By Constantin Gurdgiev.
With po-faced pomp the Government has launched its mutli-annual fiscal programme, aspirationally titled ‘The Spring Statement’. A lengthy, over-manned delivery of the programme required the strenuous efforts of a score of civil servants, economists and two ministers to energise the public imagination. Yet, for all this effort, it smacked of the vintage 2002 “A Lot Done. More to Do” election slogan of Bertie Ahern.
The strenuous efforts fizzled out before the speeches started, for the Spring Statement sounded like self-congratulatory pre-electioneering loaded with promises of the future that rely on a heavy dose of hope and faith, rather than sound fundamentals.
The political timing was good as there is Spring in the air, in public perceptions of the economic recovery. But there is still an arresting chill in the way households are feeling improvements in their own lives. Energising people to buy into a new economic plan in such an environment requires two things: strong vision and focus on reality.
Both were lacking in the Spring Statement.
Ignoring the reality that the state continues to borrow to fund its liabilities, there were promises of pay rises for public-sector employees and tax cuts for working people. All underwritten by growth forecasts that were driven by an optimism not seen since the days when a soft landing in the property sector was still showing up in the Department of Finance’s tea leaves.
The growth and recovery bit in the Spring Statement was a sort of comic relief that none of us really needed and few of us really enjoyed. It was also nauseatingly predictable: we’ve heard this song so many times in recent years. Based on Department of Finance projections, the Irish economy is expected to grow on average by 3.4% annually between 2015 and 2020. To make things sound more plausible, the Department referenced in its projections the IMF forecasts from October 2014. Alas, a couple of weeks before the Spring Statement publication, the very same IMF came out with revised forecasts, putting Irish real GDP growth at an average of 2.9% annually for the same period. The difference between the two forecasts amounts to a not insignifcant 3.2 percentage points over the 2015-2020 period.
Differences in forecasts aside, the Spring Statement is projecting growth in Ireland to shift away from exports toward the domestic economy. In line with this, the Government is expecting investment to rise 15.3% in 2015, 12.1% in 2016 and on average by 8% annually between now and the end of 2020. Domestic private consumption is expected to grow at 2.4-2.5% in 2015-2016 and at just over 1.3% annually for the rest of the period.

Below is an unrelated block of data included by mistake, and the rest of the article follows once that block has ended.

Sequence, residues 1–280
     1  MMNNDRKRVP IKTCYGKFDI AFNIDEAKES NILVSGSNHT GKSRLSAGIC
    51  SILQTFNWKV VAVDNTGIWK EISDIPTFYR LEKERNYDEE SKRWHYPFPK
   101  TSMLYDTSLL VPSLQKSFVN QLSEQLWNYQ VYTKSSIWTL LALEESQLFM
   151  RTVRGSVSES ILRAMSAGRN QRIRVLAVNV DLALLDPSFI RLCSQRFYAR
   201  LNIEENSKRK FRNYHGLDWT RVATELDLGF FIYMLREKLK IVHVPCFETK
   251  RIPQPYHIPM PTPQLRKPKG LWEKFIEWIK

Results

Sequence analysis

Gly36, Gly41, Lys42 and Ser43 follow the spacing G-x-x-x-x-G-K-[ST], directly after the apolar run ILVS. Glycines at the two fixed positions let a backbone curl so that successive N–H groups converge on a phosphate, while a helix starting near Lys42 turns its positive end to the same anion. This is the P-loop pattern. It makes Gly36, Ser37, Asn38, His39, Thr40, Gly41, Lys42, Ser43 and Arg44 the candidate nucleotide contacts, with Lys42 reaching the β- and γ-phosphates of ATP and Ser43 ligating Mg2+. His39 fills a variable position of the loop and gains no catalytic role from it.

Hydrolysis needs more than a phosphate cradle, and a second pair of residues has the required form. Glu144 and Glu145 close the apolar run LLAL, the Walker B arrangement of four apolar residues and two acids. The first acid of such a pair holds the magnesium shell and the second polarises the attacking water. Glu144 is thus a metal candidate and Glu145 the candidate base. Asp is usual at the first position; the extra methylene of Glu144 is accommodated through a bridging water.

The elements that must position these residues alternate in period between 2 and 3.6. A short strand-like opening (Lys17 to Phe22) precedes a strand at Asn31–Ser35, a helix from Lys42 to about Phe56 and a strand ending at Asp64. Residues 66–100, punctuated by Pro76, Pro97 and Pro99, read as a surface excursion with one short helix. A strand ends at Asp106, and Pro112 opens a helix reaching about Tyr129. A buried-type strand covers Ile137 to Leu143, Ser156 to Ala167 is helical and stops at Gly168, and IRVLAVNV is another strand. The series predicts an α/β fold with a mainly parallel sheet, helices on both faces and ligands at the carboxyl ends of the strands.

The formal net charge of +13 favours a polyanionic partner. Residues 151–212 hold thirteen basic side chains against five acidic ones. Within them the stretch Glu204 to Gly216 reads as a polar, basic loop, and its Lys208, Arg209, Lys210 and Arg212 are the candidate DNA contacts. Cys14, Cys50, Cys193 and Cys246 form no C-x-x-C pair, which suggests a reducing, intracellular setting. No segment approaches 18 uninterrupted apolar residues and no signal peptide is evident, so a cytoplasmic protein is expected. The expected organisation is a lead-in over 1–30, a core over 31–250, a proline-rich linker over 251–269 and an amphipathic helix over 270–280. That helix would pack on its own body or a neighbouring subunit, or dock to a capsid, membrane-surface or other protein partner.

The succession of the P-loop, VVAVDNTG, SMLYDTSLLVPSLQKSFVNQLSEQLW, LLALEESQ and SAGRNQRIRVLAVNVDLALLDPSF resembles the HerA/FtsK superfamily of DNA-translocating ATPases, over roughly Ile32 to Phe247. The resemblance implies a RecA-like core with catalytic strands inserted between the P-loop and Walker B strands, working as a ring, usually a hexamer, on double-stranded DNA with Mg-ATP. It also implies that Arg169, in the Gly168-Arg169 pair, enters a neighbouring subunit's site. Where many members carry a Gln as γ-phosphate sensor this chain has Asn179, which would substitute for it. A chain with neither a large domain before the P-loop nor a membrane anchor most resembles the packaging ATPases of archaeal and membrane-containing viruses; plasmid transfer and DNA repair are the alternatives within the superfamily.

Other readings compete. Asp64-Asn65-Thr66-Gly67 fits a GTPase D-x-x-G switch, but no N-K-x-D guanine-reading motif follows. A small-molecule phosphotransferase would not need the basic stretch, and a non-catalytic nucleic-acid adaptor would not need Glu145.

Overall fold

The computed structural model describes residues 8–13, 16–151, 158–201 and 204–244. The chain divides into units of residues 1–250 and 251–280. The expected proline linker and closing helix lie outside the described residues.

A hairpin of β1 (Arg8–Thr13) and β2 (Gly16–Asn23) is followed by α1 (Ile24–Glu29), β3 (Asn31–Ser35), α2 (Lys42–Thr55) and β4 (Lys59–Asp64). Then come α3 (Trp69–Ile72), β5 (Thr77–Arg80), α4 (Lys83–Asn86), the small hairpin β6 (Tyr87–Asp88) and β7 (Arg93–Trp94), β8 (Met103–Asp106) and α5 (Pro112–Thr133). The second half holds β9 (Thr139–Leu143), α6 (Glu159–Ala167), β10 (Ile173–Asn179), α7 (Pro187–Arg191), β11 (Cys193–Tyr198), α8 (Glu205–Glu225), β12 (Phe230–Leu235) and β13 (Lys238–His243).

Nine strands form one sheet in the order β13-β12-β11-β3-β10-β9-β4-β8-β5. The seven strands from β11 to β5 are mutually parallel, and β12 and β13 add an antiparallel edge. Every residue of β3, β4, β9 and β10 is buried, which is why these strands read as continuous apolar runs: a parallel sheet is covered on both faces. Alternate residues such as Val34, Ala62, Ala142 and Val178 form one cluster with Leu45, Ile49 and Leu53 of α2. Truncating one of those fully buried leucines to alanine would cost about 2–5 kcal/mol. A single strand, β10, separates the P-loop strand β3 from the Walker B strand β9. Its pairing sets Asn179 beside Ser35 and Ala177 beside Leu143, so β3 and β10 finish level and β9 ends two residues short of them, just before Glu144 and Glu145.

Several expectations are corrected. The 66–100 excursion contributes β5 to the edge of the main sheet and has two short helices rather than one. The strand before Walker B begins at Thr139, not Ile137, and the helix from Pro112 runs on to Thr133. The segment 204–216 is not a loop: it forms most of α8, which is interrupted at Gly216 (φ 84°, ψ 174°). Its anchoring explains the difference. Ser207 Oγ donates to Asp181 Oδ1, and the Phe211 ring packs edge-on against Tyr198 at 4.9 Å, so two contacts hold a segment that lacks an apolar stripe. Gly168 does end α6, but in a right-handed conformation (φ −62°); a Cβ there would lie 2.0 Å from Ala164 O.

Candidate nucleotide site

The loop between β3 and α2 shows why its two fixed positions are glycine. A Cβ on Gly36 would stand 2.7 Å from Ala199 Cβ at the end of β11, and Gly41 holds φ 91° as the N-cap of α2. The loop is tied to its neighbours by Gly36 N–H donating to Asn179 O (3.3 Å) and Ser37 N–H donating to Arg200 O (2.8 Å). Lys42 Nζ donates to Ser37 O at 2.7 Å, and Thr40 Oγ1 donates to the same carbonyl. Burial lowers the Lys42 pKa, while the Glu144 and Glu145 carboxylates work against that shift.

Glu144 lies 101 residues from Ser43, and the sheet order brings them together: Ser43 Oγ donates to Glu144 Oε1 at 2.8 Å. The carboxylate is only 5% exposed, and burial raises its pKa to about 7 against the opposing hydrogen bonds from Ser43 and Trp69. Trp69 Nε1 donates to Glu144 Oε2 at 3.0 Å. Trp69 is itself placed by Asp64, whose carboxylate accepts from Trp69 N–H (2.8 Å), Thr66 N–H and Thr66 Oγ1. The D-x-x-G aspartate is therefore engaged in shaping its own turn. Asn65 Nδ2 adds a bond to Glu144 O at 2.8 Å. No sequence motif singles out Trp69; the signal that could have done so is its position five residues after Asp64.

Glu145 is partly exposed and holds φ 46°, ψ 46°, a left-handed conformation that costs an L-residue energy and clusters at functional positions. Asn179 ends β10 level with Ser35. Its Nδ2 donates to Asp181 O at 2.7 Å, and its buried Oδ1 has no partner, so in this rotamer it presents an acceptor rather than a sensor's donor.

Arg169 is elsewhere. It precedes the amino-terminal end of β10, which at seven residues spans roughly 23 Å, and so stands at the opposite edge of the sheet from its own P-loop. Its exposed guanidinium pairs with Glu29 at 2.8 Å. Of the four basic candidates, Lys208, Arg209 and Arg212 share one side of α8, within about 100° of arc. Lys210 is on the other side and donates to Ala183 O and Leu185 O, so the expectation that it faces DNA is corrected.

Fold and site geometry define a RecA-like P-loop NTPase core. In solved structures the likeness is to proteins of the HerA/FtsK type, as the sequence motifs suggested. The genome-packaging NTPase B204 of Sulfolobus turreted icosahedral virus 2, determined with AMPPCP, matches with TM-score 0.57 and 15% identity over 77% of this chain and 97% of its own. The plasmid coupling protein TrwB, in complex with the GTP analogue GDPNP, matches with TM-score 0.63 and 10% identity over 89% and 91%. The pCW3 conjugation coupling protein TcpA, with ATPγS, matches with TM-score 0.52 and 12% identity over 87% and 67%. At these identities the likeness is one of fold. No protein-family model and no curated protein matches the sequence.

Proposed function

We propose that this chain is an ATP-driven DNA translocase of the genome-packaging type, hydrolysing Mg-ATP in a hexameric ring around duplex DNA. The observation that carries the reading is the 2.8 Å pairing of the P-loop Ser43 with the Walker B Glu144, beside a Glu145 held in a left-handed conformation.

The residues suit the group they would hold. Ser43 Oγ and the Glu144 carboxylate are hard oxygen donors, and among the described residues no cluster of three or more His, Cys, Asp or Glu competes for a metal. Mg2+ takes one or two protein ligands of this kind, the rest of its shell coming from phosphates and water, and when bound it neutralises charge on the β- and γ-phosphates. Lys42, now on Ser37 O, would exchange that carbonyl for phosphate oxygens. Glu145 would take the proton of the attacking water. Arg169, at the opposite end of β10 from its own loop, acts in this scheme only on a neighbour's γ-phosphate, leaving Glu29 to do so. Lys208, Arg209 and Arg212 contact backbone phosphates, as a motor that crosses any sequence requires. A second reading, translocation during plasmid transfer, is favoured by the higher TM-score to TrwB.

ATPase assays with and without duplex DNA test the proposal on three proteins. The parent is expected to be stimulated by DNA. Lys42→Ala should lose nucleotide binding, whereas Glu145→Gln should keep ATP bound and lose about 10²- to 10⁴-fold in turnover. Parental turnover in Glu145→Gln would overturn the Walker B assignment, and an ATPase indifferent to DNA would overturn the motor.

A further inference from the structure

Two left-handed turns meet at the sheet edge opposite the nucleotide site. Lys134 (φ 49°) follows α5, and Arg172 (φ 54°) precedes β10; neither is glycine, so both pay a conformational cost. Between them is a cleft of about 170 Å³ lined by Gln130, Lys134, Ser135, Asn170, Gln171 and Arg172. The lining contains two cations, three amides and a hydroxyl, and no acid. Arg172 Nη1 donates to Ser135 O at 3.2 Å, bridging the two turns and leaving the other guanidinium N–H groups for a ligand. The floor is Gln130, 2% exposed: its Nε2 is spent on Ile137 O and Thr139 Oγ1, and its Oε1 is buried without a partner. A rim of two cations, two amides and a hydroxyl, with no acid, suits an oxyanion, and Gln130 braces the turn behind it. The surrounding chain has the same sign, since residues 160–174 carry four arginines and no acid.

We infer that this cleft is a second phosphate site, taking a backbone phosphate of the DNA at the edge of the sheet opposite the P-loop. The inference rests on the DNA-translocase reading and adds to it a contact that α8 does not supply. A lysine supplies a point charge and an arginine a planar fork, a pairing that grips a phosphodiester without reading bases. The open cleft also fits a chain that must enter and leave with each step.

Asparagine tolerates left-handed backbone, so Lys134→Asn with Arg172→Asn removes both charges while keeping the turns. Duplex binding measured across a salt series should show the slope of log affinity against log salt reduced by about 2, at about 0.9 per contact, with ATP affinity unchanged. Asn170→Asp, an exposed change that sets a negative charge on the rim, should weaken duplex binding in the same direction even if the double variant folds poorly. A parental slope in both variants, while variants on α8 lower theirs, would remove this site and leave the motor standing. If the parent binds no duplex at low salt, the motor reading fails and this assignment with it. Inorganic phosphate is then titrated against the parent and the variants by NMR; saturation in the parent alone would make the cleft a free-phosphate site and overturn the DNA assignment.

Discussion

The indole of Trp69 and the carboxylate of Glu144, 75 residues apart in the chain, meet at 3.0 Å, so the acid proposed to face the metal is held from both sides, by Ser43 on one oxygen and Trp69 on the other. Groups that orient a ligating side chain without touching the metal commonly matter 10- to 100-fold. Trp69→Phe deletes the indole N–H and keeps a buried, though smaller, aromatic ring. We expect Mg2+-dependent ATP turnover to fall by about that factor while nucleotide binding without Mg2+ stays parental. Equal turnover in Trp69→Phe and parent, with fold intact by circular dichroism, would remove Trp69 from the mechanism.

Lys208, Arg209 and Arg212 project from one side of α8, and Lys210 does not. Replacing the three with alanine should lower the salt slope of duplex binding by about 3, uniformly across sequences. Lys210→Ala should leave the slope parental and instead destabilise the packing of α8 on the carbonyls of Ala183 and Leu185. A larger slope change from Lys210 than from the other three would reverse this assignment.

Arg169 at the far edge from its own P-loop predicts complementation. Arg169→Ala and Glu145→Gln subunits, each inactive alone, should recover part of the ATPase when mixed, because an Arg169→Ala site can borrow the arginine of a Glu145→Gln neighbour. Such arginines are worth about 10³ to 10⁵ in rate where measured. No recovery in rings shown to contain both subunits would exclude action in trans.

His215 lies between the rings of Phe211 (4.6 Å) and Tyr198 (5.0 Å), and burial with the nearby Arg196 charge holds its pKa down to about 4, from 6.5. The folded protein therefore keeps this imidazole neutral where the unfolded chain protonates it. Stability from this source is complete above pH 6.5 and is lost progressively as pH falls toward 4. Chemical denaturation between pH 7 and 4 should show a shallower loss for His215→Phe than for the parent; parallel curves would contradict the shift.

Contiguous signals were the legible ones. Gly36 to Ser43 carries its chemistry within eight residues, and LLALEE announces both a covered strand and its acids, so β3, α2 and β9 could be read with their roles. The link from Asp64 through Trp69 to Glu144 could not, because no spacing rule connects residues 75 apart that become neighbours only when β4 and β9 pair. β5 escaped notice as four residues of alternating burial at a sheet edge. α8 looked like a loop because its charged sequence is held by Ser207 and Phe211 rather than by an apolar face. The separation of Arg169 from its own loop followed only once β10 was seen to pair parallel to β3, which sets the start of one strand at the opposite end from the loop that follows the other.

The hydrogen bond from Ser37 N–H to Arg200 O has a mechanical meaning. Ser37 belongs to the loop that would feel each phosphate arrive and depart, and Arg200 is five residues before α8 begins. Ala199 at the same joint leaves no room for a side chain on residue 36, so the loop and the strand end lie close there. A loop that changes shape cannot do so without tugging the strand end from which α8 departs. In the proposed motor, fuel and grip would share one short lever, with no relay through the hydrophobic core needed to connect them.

Strangely, all of this growth is going to happen without anything new happening in the economy generally. Those who traditionally generate demand for new investment and the supply of goods and services – entrepreneurs – are simply absent from the entire document. Another engine for domestic growth – SMEs – is mentioned only in passing, in the context of already published plans.
Trending alongside the entrepreneurs, the self-employed also got no mention in the documents, except for one instance referring to the timing of tax receipts. The fiscal-fodder class – part-time workers, sole proprietors and the self-employed – are simply not considered worthy of Government attention, for their votes can be easily coerced: any alternative to the political status quo would mean only higher tax burden on them, so there is little option but vote back the existing mediocrities.
The only growth-focused vision in the Spring Statement ended up in the Annex to the document. Instead of offering anything new it simply rehashed the already published National Reform Programme of 2014, and Europe 2020 targets that focus Government pro-growth agenda on yawn-inducing “areas” of “improving active labour market policies”, which entail “reducing costs and improving the efficiency of legal services”, while targeting “employment, R&D, climate change and energy, education and poverty”.
Still, whilst any growth vision remains lacking, launching the Spring Strategy, Minister Noonan said the government is in a position to implement another expansionary budget this year and every year out to 2020 “if this is deemed prudent and appropriate”.
The “if” part – crucial as it may be – is hardly enforceable, once the train of spending rolls out of the station. The Government does not strike a year-on-year pay and pensions deals with the unions. It signs multi-annual commitments. The Government does not launch investment projects that can be unwound in the future – as the botched ones from the past, such as the Poolbeg Incinerator and Irish Water, exemplify. Once a Government pet project goes up or rent-seeking vested interests secure public funding, it takes a national emergency to cut that funding.